6-story Jesus statue in Ohio
struck by lightning
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MONROE, Ohio – A six-story statue of
Jesus Christ was struck by lightning and burned to the ground, leaving only a
blackened steel skeleton and pieces of foam that were scooped up by curious
The "King of Kings" statue, one of southwest Ohio's most familiar landmarks, had
stood since 2004 at the evangelical Solid Rock Church along Interstate 75 in
Monroe, just north of Cincinnati.
The lightning strike set the statue ablaze around 11:15 p.m. Monday, Monroe
police dispatchers said.
The sculpture, about 62 feet tall and 40 feet wide at the base, showed Jesus
from the torso up and was nicknamed Touchdown Jesus because of the way the arms
were raised, similar to a referee signaling a touchdown. It was made of plastic
foam and fiberglass over a steel frame, which is all that remained Tuesday.
The nickname is the same used for a famous mural of the resurrected Jesus that
overlooks the Notre Dame football stadium.
The fire spread from the statue to an adjacent amphitheater but was confined to
the attic area, and no one was injured, police Chief Mark Neu said.
Estimated damage from the fire was set at $700,000 — $300,000 for the statue and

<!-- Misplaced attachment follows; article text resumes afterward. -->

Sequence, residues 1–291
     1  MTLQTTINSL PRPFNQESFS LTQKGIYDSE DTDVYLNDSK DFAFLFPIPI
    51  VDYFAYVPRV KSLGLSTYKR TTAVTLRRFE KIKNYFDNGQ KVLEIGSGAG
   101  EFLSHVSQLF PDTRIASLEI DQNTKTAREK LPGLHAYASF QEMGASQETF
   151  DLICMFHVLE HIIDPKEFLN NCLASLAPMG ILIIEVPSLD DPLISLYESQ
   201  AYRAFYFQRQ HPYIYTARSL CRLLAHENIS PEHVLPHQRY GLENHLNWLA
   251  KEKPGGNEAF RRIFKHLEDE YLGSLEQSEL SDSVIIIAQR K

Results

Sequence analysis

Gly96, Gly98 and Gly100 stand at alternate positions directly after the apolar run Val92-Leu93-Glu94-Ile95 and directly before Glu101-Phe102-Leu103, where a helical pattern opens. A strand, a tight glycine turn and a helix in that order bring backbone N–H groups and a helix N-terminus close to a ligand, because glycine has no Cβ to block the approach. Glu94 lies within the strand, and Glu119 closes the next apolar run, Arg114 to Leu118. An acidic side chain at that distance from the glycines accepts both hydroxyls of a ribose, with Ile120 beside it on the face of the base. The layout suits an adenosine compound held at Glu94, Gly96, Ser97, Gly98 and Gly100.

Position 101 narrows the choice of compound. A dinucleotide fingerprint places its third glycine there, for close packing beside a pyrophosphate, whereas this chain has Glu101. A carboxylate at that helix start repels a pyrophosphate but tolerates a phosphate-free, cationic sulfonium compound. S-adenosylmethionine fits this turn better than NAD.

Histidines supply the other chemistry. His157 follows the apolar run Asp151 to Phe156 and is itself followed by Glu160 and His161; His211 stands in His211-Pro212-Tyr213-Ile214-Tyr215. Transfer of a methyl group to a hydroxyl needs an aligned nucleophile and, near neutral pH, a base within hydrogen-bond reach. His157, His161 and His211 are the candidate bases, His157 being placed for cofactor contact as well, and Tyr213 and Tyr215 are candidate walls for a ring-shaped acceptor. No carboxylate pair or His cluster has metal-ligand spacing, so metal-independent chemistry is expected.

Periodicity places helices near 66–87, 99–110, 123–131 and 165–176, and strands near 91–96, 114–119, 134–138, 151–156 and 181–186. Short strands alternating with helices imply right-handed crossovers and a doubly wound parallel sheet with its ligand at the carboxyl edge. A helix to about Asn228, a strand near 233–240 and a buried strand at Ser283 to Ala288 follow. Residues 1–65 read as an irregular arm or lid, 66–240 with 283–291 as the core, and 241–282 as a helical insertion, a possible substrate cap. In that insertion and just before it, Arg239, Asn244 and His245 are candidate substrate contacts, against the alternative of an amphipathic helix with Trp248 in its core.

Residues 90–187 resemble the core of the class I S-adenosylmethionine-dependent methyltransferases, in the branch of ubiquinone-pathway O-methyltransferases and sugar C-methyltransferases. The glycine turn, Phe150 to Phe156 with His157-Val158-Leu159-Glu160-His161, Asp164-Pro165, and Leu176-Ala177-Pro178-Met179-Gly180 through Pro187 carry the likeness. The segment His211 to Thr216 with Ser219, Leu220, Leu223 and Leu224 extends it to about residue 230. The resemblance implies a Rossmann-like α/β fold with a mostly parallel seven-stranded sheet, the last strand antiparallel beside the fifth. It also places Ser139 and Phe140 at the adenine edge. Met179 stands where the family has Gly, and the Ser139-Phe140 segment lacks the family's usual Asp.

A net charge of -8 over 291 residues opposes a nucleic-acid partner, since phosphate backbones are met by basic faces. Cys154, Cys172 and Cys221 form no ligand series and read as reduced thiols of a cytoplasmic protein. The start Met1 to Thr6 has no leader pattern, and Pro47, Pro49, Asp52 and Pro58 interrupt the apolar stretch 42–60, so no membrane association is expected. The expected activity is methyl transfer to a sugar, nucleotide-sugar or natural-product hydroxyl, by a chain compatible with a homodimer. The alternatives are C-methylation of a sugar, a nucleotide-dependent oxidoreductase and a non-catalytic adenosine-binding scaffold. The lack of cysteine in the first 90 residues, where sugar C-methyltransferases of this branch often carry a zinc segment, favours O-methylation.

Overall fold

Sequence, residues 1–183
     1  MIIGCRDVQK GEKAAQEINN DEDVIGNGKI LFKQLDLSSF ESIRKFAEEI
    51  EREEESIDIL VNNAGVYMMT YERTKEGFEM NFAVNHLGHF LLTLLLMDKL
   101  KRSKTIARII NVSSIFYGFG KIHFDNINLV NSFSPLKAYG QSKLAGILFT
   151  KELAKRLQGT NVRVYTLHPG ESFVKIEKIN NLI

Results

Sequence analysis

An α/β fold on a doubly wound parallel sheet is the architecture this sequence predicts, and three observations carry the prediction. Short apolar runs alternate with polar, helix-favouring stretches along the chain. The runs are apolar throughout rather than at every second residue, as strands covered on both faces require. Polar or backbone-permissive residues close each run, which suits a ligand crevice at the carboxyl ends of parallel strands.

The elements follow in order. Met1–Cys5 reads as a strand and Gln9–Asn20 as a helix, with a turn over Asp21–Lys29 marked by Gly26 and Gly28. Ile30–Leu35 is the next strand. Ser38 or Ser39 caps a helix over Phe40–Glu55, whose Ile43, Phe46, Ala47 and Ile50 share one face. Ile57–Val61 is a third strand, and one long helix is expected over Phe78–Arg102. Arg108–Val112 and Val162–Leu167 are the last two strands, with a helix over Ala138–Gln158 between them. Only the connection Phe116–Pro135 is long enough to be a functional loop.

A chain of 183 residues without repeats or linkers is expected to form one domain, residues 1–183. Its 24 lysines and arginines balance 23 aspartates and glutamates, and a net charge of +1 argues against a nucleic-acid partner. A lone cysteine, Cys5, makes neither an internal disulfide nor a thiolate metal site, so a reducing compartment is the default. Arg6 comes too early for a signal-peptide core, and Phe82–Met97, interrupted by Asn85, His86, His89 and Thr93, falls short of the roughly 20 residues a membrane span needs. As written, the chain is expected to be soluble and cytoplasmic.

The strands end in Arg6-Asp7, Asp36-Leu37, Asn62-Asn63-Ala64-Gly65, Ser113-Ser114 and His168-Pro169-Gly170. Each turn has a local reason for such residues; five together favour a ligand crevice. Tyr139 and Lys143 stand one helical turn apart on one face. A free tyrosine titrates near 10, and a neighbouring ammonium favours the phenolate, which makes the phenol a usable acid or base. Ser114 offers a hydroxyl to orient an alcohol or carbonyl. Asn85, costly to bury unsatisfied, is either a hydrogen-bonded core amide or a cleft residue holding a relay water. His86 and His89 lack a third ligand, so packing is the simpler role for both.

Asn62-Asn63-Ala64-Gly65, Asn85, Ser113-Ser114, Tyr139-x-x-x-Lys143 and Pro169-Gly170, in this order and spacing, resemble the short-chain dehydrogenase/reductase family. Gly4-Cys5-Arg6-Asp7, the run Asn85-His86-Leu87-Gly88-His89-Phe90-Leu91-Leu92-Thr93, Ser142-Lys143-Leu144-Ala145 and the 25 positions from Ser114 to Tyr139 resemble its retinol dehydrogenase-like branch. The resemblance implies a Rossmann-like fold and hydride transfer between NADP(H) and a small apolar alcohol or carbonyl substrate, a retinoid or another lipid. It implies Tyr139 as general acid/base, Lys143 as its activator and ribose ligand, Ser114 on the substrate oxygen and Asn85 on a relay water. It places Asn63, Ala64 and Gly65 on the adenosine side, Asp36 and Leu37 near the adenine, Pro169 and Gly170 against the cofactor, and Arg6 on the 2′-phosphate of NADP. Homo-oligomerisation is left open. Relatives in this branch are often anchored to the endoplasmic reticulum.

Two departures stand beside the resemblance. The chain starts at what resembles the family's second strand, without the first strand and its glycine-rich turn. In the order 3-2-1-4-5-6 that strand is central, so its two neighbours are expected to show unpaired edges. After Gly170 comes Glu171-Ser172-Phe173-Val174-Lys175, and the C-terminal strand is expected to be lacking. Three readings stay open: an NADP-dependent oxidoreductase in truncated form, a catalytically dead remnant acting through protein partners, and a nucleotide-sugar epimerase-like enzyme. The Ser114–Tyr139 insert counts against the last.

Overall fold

$400,000 for the amphitheater, Fire Capt. Richard Mascarella said Tuesday.
The Ohio State Highway Patrol was at the scene Tuesday to prevent traffic jams
and potential accidents from motorists stopping along the highway to take
The patrol began issuing citations about 4 p.m. Tuesday to motorists for
stopping on the side of the highway, dispatcher Adam Brown said. The number of
gawkers coupled with construction had slowed I-75 traffic in the area to a
crawl, the state Highway Patrol said.
Some people were scooping up pieces of the statue's foam from the nearby pond to
take home with them, said church co-pastor Darlene Bishop.
"This meant a lot to a lot of people," she said.
Keith Lewis, of nearby Middletown, arrived at the church around 7 a.m. Tuesday
to photograph the remains for his wife. Lewis said he had viewed the statue as
both an oddity and an inspiration.
Cassie Browning, a church member from Dayton, said she was driving home when she
saw smoke and noticed the statue was missing.
Travelers on I-75 often were startled to come upon the huge statue by the
roadside, but many said America needs more symbols like it. So many people
stopped at the church campus that church officials had to build a walkway to
Bishop said the statue will be rebuilt.
"It will be back, but this time we are going to try for something fireproof,"
The 4,000-member, nondenominational church was founded by Bishop and her
husband, former horse trader Lawrence Bishop.
Lawrence Bishop said in 2004 he was trying to help people, not impress them,
with the statue. He said his wife proposed the Jesus figure as a beacon of hope
- Associated Press / Yahoo news